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China starts blocking HTTPS connections with encrypted SNI: Report

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 In an update to its national censorship tool, known as the Great Firewall, China has reportedly started blocking HTTPS connections with Encrypted Server Name Indication.

The ban has been in place for over a week now, three organisations tracking Chinese censorship — iYouPort, the University of Maryland, and the Great Firewall Report – said this week in a joint report.

“We confirm that the Great Firewall (GFW) of China has recently begun blocking ESNI – one of the foundational features of TLS 1.3 and HTTPS,” said the report.

TLS is the foundation of secure communication on the web (HTTPS). It provides authenticated encryption so that users can know whom they are communicating with. It also ensures that an intermediary does not read or tamper with your information.

But even though TLS hides the content of a user’s communication, it does not always conceal with whom the user is communicating.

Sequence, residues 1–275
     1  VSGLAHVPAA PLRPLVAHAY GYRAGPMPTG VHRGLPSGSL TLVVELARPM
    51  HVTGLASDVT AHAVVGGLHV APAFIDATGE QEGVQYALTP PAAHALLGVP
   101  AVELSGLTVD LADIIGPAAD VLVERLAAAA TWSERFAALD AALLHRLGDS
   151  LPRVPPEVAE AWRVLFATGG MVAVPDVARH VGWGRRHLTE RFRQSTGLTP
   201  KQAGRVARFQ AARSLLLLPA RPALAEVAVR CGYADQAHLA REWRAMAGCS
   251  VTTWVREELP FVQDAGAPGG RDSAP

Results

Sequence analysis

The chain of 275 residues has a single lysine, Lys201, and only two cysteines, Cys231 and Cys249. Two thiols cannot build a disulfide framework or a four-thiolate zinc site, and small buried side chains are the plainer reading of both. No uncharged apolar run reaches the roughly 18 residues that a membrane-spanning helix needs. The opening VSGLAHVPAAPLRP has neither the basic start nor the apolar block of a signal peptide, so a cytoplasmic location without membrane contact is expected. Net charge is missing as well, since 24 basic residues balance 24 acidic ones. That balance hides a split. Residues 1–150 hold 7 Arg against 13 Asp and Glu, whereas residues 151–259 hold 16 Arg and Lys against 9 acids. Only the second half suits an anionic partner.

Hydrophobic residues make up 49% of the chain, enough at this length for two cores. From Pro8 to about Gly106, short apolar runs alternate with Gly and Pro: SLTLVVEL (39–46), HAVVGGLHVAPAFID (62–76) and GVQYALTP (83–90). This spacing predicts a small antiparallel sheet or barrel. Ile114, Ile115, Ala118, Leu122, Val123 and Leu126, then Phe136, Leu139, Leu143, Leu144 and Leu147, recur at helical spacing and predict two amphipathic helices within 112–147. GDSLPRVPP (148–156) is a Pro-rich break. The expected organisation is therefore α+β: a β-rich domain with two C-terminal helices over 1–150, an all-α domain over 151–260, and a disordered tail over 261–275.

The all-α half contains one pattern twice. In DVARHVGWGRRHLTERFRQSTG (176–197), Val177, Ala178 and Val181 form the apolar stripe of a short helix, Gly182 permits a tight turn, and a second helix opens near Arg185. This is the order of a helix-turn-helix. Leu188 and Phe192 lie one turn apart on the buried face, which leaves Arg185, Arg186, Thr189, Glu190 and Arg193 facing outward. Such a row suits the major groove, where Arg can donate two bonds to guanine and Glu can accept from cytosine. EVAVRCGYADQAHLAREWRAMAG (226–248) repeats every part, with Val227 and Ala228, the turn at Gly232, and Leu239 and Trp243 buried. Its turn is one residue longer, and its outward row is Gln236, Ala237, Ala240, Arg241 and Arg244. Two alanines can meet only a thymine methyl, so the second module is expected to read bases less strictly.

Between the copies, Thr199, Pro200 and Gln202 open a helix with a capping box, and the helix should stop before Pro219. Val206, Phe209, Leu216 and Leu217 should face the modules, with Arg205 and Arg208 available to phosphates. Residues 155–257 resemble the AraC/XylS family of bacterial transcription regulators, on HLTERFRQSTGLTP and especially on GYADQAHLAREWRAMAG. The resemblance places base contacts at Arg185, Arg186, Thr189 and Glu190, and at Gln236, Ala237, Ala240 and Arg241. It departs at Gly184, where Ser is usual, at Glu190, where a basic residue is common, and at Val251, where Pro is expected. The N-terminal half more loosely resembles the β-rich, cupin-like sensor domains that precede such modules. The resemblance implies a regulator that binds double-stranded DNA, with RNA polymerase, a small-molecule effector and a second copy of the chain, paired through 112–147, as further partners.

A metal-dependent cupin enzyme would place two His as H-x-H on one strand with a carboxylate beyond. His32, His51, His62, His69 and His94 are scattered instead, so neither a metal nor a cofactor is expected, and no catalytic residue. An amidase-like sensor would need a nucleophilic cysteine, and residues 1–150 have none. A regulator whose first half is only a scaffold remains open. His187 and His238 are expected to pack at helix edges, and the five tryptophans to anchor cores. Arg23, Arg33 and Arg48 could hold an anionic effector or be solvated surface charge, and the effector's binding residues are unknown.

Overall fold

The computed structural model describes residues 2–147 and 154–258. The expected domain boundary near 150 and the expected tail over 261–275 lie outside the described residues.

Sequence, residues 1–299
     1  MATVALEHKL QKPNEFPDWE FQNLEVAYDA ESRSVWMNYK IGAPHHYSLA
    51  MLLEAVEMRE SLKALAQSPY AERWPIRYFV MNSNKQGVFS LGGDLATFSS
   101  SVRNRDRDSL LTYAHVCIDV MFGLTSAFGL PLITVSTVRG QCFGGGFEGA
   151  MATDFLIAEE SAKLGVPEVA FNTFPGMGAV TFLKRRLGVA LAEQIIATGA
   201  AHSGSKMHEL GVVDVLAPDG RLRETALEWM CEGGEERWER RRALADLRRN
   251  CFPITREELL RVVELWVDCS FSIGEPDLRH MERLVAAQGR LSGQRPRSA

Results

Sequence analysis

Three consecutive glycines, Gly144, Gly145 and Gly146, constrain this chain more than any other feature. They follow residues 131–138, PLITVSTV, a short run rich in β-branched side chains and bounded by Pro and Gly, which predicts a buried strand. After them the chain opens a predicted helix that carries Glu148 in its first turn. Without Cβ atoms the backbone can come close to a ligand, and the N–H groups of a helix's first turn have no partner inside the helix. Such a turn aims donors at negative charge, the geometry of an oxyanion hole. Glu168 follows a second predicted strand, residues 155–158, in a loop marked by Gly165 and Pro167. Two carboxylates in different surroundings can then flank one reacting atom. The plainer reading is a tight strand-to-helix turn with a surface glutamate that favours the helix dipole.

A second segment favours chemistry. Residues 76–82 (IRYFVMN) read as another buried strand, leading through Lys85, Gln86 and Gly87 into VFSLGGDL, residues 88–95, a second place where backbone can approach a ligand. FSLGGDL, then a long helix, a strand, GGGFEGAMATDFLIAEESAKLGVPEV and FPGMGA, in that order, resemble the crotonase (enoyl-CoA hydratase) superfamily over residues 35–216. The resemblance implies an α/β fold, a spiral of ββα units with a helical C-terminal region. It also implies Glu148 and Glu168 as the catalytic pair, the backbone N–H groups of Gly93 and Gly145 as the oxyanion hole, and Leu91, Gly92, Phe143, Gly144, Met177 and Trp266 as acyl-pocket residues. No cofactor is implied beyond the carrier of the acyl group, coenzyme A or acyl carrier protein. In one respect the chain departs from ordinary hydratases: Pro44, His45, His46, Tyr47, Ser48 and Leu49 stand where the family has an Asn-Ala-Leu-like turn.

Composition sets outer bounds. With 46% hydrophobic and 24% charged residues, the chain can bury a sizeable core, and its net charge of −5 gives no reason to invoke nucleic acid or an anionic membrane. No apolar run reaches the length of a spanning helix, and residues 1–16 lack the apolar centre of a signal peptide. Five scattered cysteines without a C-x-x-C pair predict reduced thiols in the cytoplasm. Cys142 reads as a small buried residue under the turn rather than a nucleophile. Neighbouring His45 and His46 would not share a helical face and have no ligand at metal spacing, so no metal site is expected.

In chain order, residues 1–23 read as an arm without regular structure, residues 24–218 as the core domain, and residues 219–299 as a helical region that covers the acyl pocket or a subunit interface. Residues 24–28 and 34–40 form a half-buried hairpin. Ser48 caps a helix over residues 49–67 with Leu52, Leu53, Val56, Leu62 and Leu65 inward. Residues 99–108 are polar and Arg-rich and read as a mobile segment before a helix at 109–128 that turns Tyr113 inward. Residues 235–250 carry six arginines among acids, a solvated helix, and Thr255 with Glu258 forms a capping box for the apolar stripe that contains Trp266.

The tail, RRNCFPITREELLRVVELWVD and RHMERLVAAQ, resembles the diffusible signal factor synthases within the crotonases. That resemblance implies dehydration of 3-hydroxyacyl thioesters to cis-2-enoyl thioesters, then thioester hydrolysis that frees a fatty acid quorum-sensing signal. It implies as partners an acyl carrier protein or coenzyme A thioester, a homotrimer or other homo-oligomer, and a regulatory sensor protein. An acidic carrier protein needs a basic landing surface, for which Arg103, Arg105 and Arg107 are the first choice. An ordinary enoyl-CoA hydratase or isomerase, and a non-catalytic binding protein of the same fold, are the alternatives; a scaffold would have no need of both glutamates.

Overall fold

The TLS handshake (a process that kicks off a communication session) optionally contains a Server Name Indication (SNI) field that allows the user’s client to inform the server which website it wishes to communicate with.

Nation-state censors have used the SNI field to block users from being able to communicate with certain destinations, said that report, adding that China has long been censoring HTTPS in this manner.

TLS 1.3 introduced Encrypted SNI (ESNI) that encrypts the SNI so that intermediaries cannot view it, said the report.

The Great Firewall of China blocks ESNI connections by dropping packets from client to server, it added.

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